Monday, May 23, 2011

As you said there is a real power in hearing from those living in the condition of their physical vulnerability. If only we could all have a little of that sense of vulnerability and weakness in our daily attitudes in a "go get em" society. The thought that came to me is that this acceptance Karen speaks of becomes a kind of strength we don't expect, as it knits us together into wholeness. She also spoke of hopefulness, which has a very powerful meaning when used as hope beyond desire. One of my favourite psalms is "You know my inmost being: you knew me before I was knit together in my inmost being." (Psalm 139:13). In listening to the question about demanding something ("demandez") of God it causes me to contemplate that God (creator, revealer, knower) is a knower of our hope and accepting of it. He/She radiates back love as an answer, saying like Paul (Col. 2:2) "I want hearts to be encouraged and united (also "knit together"/ "woven") in love." (I am inspired to do some word study/exegetical work on the words "knit", "woven" and "united" and their use and correlations in scripture ... by this discussion). People are making an authentic attempt here to get beyond Babel's blockades of meaning and reach one another's hearts, which is a very hopeful thing in of itself. When a Christian friend of mine, who has a chronic illness, speaks about her illness on facebook it has a similar quality of acceptance when she openly reaches out to her friends for acceptance of the pain and anxiety she's feeling and through the sharing of the wholeness (holy) of spirit of others, she feels a sense of acceptance from the comments of love and encouragement she receives back. She has told me that for her the cross is the path that helps her understand her life, meaning that she feels God had a complete identification and acceptance of her pain as well, for he has experienced it and wishes for us to heal in the most profound of ways.

Blessings this day,

Pure Listening

I was practicing 'pure listening' today. Contrast with 'active listening' (where you are pouring energy into what someone is saying, fully of sympathy, dancing to their tune) and 'negative listening' (where you are sucking energy from someone while they speak, ignoring them, caught up in your own thoughts).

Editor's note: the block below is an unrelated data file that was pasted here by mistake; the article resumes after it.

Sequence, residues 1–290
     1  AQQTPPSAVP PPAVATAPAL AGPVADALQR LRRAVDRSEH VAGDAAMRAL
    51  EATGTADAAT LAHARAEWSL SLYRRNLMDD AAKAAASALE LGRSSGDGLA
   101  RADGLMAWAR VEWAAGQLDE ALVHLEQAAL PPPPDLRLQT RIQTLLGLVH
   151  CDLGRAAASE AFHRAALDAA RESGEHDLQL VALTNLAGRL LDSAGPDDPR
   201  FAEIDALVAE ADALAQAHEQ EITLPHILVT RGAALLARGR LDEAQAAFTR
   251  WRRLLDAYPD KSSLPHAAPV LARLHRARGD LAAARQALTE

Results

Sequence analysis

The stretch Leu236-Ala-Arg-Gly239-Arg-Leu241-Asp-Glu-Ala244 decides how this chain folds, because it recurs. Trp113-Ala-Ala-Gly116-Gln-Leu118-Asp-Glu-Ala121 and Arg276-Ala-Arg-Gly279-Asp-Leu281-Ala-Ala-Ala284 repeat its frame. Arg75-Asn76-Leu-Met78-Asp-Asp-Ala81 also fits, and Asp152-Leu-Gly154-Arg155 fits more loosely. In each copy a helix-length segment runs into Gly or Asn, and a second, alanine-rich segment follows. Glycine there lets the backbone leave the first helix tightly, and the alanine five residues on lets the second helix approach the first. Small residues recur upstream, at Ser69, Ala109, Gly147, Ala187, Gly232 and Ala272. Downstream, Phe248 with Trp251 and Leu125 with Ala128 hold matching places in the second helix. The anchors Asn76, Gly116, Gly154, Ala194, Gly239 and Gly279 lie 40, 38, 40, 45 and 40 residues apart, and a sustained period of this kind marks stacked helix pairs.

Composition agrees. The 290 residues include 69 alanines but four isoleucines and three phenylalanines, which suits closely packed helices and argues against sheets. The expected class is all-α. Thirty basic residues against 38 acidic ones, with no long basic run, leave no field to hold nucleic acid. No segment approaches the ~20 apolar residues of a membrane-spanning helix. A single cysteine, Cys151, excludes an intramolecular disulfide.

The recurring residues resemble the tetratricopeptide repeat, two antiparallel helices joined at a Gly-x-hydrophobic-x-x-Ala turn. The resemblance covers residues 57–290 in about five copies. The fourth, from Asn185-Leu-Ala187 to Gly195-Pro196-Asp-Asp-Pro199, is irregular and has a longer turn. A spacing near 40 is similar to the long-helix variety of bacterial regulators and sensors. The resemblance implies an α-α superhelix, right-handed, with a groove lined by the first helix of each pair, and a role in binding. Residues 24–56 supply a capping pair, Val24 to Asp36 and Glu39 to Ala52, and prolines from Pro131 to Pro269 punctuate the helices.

Pure listening means staying in your own awareness of what is happening (like a mirror) and even imagining that the person speaking to you is part of your own personal experience, inside your field of awareness. This way, you neither add or subtract anything, but the person will feel themselves drawn into a space where nothing is missing. No need to perform, to convince, to get something, to throw away anything. Silence can come, half a sentence can come. Makes no difference. No judgment. Just two things: wisdom (that "I" am really nothing) and love (that "I" am actually everything). We help dissolve the other's suffering with the wisdom that it is a construction that doesn't change their completeness, and with the love that wants to hold them in that space where their constructions melt like snowflakes falling on the warm water of non-interference.

All part of the view that I think indigenous folks long ago lived daily, which is that all of us inside, in that space of blissful awareness, are already and always complete.

If this is so, a nice question to ask yourself whenever you encounter someone, no matter their external presentation, health or illness, friendliness or otherwise, an interesting question to ask is: 'do I see them as already complete?'

This is also a good question to ask of oneself.

Landslide over me...

Wednesday, May 18, 2011

I have an I-Pad and I am exploring it. So, one aspect is purchasing my favorite music and songs and creating a concert for me. One song done by Stevie inside of me. I hum the tune as I am learning the words.

I do feel that I was standing tall, just about coping with all the aspects of having a chronic illness. I could feel the sun; I could see the birds and hear them chirping. I laughed and I could create laughter. I had people around me. People who wanted to be with me and do things with me. Life had its problems but it seemed that I was able to cope.